March 13, 2020
VCU's medical library has created a COVID-19 resource guide
Information from trusted sources is available to faculty, students and the general public.
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COVID-19, the novel coronavirus that has impacted people across the United States, is dominating the news cycle. As a result, it can be hard to locate reliable, trustworthy information about the virus. To help the public, the staff at Virginia Commonwealth University’s Tompkins-McCaw Library for the Health Sciences has created a resource directory with reliable information about the outbreak.
Prior to the COVID-19 outbreak, the library produced directories for Zika, Ebola, SARS and other major infectious diseases. Two weeks ago, John Cyrus, a research and education librarian, and Sean Haupt, a research and education intern at the library, started working on the resource directory for COVID-19. The directory, which was finished last week, already has seen a significant amount of traffic.
“We try to provide concise, authoritative information that is accessible to a wide audience whether they be lay people or the professionals that we deal with on a daily basis,” Cyrus said.
Haupt and Cyrus culled through myriad sources of information. They started with trusted resources such as the Centers for Disease Control and Prevention, the World Health Organization and the Virginia Department of Health. They also identified journals and other sources with reliable information about the virus.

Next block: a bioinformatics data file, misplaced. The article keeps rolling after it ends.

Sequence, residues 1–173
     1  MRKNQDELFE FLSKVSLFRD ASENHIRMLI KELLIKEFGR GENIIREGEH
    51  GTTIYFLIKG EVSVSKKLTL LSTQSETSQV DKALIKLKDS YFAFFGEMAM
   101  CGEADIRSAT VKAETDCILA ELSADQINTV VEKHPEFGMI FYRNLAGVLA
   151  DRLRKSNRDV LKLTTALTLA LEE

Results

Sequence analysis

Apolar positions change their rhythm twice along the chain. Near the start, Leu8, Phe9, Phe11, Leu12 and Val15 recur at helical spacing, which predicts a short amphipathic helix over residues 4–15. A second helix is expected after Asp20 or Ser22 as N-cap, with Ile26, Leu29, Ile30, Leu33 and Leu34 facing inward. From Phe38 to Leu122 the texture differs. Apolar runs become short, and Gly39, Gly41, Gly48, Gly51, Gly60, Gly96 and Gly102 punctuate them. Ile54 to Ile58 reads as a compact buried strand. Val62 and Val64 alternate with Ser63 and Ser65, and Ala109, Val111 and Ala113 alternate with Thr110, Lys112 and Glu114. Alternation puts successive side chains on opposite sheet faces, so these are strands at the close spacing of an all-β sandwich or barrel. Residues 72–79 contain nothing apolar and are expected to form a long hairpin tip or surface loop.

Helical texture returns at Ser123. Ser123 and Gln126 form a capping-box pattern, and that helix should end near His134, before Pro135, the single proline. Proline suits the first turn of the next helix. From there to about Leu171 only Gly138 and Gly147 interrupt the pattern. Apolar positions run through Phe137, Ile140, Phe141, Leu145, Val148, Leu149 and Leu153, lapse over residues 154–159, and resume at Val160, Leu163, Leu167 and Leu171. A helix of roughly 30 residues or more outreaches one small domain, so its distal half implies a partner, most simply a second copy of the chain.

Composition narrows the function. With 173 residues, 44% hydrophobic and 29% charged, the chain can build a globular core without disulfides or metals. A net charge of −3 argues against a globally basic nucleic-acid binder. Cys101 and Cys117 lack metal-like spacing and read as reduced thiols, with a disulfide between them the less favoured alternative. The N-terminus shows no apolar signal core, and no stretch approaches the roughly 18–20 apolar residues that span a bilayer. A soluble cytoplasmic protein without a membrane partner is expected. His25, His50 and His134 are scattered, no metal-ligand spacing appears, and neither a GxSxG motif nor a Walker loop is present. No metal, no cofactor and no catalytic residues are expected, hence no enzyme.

“One of the consistent battles is the huge number of sources of information out there,” Cyrus said. “If we put everything on there, it would no longer be accessible. It would be overwhelming. Part of our job is essentially information management.”
A key feature of the directory is a map with visualized data on the outbreak. It shows the most heavily impacted areas and the number of people who have recovered.
To ensure the quality of the information, several infectious disease experts were consulted about the directory, and Cyrus said they were pleased with the feedback. Creating a directory like this is an important role for librarians at the university, he said. They work with medical professionals and researchers and provide them with accurate, timely information.
“We are making sure all of the information is relevant,” Haupt said. “That means taking feedback from medical professionals. We want to make sure none of the information is redundant.”
The library’s resource directory already has been updated multiple times since it was published, as the events surrounding COVID-19 are changing quickly. The updates will continue to take place as long as the virus is active and people desire the information.
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